He picked at the seams in the pew’s purple cushion, looked around at the windows, noticed how the pieces of glass fit together to compose the stern-faced saints. Outside a fishing boat sent out its loud signal to raise the bridge, and it startled him. At night they used to sit on the lawn swing that hung from the magnolia tree in their front yard and watch the lights play on the ripples in the bayou. The little girl ate from a can of peaches or pears and chattered about how she found a four-leaf clover during recess, or Micah Dardar had made the teacher mad again, or Shelly had made her talk and that’s why she had to put her nose on the chalkboard.

The voices from the choir loft filled the sanctuary with a slow, haunting version of “Amazing Grace,” and Pappy noticed — or imagined he noticed — the absence of one voice in particular. Miss Josephine and Mrs. Arceneaux stood beside each other now. There had been someone between them. Olive had sung in that choir for at least thirty years, and now they sang without her. She joined the choir because she didn’t want to teach catechism anymore, and she had to do something for the church. Well, that was one of her reasons. Pappy had scoffed when she told him the idea, saying that her singing wouldn’t be doing something for the church because she’d scare everybody away. She joined the choir that same week, practiced her music while he was trying to watch his boxing and wrestling on television, and refused to strain his gumbo for three weeks straight. And now they sang without her. He had never actually heard her sing. And they were singing without her.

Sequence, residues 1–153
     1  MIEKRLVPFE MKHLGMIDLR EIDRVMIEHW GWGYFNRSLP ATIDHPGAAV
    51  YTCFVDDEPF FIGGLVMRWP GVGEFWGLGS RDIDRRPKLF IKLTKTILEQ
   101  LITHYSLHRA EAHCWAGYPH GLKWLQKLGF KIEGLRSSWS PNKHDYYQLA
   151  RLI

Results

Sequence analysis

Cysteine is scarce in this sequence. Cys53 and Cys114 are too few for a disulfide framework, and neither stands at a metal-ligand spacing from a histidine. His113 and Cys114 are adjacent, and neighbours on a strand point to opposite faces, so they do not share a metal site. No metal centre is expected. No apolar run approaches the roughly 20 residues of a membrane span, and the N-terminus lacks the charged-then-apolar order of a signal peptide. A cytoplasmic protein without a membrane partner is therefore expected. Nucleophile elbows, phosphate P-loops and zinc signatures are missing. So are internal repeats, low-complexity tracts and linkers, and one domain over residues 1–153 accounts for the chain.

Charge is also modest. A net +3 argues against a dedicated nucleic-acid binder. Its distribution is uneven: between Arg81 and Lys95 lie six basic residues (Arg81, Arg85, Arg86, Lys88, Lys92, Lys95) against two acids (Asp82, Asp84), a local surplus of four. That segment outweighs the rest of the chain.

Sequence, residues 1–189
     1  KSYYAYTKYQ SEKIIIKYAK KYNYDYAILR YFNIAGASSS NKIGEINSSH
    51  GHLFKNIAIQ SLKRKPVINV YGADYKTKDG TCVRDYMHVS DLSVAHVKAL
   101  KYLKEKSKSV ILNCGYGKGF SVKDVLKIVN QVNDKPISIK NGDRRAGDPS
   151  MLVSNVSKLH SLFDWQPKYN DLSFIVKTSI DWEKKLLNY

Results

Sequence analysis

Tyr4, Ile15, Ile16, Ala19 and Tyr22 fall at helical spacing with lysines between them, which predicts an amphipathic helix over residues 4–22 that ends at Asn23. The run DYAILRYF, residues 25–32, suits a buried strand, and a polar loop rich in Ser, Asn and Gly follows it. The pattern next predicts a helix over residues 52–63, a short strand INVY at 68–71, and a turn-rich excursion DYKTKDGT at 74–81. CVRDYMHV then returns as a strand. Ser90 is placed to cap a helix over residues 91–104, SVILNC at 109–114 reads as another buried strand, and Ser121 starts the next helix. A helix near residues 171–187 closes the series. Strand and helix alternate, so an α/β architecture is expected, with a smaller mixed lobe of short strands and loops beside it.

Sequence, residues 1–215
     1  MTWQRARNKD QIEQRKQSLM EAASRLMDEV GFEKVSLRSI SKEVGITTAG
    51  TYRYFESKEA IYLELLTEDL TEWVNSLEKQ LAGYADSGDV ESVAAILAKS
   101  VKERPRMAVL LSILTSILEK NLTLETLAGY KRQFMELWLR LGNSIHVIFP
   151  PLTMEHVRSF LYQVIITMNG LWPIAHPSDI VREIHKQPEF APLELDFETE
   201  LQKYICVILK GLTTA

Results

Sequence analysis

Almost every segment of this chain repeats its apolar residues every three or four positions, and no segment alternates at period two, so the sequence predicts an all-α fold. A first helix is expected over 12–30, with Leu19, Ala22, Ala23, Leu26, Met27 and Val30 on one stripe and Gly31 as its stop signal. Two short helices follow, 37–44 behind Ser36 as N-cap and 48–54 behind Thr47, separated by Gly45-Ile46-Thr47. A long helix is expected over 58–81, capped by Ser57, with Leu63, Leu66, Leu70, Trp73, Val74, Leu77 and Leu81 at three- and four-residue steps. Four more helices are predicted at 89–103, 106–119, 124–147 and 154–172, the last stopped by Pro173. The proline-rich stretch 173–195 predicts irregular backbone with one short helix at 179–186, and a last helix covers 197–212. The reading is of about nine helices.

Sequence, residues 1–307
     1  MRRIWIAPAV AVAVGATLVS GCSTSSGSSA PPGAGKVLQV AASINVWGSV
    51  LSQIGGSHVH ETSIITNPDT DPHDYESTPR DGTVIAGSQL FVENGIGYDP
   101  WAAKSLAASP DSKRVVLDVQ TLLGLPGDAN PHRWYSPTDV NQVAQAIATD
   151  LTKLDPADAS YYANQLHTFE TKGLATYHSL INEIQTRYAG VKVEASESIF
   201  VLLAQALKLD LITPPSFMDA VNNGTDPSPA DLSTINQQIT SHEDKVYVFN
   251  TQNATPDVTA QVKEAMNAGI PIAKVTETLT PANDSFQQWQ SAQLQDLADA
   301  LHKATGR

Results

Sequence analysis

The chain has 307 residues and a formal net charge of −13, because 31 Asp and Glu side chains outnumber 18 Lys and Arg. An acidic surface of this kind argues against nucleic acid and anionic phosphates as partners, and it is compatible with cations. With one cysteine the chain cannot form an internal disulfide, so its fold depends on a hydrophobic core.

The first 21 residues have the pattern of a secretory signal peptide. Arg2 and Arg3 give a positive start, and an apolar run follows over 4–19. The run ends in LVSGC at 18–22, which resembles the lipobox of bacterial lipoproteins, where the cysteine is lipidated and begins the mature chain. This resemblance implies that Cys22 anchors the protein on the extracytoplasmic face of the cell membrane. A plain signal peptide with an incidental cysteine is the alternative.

The old man lifted his head to see the mass of flowers in front of the towering pulpit. The choir sang a few more songs, and then six men walked up to the front of the church, closed the lid of the coffin without a sound, and heaved it up. They all looked alike: black tuxedos, shiny shoes, black hair, red noses. “She’s not really dead; she’s just sleeping.” He remembered how the little girl used to turn around in her chair in the theater during Snow White and comfort the children behind her with this same phrase. Olive would hiss “Shhh!” and hand her a box of snowcaps to keep her busy.

He realized who was in that coffin, and his stomach turned to lead, his mouth and throat dry. Already he missed her — her scent, a powdery clean smell that filled a room with every move she made; her cooking… everything about her, everything that was now gone. As soon as this service was over, the little girl would be leaving him too. Everyone would be going away, leaving him with a dish of cold food that could never compare to Olive’s; food that wouldn’t be strained or cooled under the ceiling fan. He would be in that house by himself, alone with his Little Debbie cakes and his beer, listening to the sounds of the bayou.

He grimaced as his two daughters blew their runny noses at the same time. “Damn it. Damn ’em to hell,” he muttered to himself. They both heard him, and both slammed their elbows into his side. He wanted a telephone to smash.

A heaviness seeped into him like the barbecue sauce that dripped into the holes he drilled in crabs. They all used to love his barbecued crab. Olive once sat at the picnic table for three straight hours eating his crab, then spent another ten minutes licking her fingers. The sun had moved to another window, to illuminate the face of another saint, and he looked down at his shoe, now dull and lifeless like his heart.